Watch a report by ITV News Anglia's Andy Ward
Matt Morton didn't even know he was gay until his 30s.
Scrolling through Instagram one night in January 2018, someone started liking his photos. Instead of brushing it off, he realised he was intrigued.
"Somebody decided to follow me on Instagram and like a few of my photos. I didn't know who that person was," he told ITV News Anglia.
"They wanted to know me, and for some strange reason I wanted to know them as well and that was the kind of first time I thought: 'Well, this is a bit strange.'"
From that point on, it became obvious to Matt that this was more than just a phase.
He initially confided in his PA at work, before telling his close family and friends.
But perhaps the most daunting prospect was telling his teammates at Norfolk non-league football team Thetford Town.
By making the decision to come out as an openly gay player, Matt was taking a huge leap of faith, and although he competes in the ninth tier of English football, he's now one of the highest-profile gay footballers in the country.
Despite having a few nerves, the reality of revealing his sexuality to the mates that he shares a dressing room with was far from as scary as he imagined.
"Players now, and most people nowadays, I think their heart's in the right place and they're certainly open to these kind of things, and so they should be as well," Matt said.
"I think that's the message to send out to everybody else, that actually it's a much more accepting world and a much more accepting environment, even in sport and football, than I think people give it credit for."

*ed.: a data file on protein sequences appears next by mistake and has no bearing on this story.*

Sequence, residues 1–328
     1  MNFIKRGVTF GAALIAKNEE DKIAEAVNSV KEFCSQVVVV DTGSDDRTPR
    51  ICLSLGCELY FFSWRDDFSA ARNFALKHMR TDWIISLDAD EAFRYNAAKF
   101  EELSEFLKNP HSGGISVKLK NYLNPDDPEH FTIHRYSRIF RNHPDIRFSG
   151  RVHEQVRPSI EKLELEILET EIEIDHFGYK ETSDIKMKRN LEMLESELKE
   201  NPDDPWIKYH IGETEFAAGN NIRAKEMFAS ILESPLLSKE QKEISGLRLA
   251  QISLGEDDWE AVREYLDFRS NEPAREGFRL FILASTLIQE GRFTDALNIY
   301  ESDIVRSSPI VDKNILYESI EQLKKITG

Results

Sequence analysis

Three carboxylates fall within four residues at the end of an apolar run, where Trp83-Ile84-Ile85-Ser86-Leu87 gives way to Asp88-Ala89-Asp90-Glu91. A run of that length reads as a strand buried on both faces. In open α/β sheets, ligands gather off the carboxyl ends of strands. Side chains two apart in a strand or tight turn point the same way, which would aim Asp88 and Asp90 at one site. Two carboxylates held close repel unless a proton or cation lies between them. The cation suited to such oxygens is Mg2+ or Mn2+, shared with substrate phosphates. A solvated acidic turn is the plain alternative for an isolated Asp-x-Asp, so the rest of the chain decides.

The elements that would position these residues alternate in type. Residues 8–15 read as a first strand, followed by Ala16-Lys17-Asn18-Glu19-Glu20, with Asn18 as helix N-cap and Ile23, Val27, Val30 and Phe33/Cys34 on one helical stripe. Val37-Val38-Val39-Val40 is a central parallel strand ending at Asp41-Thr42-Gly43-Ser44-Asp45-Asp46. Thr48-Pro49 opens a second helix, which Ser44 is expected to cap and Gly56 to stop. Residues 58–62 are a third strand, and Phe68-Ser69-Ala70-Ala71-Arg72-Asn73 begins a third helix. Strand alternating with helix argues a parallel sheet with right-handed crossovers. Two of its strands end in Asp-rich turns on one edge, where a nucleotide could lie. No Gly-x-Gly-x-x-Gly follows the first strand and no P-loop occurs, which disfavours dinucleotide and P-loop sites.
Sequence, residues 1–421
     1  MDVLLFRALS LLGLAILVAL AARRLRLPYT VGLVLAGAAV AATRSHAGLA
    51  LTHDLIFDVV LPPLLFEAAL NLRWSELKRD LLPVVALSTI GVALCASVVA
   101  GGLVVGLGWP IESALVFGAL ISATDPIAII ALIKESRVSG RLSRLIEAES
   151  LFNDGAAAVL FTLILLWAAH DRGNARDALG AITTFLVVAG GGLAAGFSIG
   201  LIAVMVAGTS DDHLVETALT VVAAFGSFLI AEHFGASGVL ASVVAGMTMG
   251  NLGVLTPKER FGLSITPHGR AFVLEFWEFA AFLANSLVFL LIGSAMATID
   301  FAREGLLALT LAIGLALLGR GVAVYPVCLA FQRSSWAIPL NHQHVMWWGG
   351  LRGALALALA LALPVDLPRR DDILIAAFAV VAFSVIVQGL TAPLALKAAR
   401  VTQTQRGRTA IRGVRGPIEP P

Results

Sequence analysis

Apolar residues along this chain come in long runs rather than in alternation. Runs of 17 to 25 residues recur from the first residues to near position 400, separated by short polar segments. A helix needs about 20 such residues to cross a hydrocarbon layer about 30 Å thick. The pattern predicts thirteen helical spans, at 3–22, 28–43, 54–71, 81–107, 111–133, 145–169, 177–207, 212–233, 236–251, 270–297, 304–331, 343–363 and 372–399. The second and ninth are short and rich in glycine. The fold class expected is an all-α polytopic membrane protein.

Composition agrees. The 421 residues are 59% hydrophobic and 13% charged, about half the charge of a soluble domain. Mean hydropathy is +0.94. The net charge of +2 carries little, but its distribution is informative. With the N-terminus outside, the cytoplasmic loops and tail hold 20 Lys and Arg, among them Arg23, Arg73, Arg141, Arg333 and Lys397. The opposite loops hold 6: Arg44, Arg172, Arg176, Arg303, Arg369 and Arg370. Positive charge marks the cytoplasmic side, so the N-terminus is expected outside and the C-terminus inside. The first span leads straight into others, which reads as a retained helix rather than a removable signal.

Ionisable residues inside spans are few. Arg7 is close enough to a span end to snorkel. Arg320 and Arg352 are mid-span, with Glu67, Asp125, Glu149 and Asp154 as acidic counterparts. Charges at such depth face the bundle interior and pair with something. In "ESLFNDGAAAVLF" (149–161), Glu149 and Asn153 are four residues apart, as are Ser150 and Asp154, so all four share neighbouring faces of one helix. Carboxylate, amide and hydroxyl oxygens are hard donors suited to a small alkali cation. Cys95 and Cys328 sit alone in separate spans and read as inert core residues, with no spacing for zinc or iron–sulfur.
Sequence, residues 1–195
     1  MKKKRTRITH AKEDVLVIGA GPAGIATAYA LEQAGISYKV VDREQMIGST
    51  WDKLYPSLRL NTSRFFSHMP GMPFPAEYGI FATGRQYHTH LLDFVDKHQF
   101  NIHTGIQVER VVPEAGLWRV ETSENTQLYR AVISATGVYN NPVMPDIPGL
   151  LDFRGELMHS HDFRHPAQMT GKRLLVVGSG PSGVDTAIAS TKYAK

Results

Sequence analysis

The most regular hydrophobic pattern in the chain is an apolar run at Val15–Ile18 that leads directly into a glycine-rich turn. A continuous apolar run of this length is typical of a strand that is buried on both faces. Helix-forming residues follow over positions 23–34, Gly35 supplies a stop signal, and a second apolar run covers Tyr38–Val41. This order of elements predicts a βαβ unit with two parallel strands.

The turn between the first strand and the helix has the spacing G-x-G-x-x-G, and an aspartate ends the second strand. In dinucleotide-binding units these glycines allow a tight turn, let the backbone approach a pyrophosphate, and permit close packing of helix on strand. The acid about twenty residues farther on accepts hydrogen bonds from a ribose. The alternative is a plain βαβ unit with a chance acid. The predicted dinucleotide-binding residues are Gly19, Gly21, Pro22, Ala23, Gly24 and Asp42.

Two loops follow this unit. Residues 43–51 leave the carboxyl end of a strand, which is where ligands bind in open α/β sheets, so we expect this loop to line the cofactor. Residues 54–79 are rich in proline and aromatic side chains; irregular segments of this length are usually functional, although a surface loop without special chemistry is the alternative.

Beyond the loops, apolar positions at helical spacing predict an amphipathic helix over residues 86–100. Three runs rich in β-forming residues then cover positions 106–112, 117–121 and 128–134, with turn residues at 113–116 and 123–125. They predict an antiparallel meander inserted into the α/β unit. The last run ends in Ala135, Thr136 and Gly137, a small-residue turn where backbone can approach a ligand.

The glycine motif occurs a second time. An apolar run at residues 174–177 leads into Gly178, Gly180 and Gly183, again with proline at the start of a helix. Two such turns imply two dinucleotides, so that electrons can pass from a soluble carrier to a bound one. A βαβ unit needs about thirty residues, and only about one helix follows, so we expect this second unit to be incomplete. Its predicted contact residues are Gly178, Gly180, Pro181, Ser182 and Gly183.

If anything, coming out has helped Matt flourish even further.
He's now the player-manager at Thetford, something that has only cemented his reputation as a hugely respected figure in the dressing room even further.
His decision to come out has resulted in many people contacting him to thank him for inspiring them to be true to themselves, and he hopes that others will eventually follow his lead - instead of walking away from the sport.
Watch an extended interview with Matt Morton
"You've stopped playing the sport that you love, your hobby, your passion, you've taken yourself away from your teammates and your friends, you've self-ostracised just because you're afraid to say 'I'm gay'," Matt said.
"I think that there's a lot of work to be done until this isn't news, but every single person who's done what I've done now going forward, this becomes less newsworthy and more and more normal."
Sadly, stories like Matt's are still the exception rather than the rule - especially in the professional game.
Former Norwich City striker Justin Fashanu remains Britain's only openly gay male professional player, and 22 years on from his death, no one has yet to follow in his footsteps.
However, Matt, who's from Bury St Edmunds, is hopeful that someone will have the bravery and the courage to do so soon.
"When you've got 50,000 or 60,000 people, and half of them are against you, particularly in opposition grounds, I think that a lot of players will be thinking that they're going to be open to abuse from those fans," he said.
"But if you come out as a gay player in the Premier League, I think, if anything, you'll get more endorsements. There'll be a lot of people willing to work with you and associate their brand with you. There's a lot of good people in professional sport and they've got the opportunity to make people's lives better."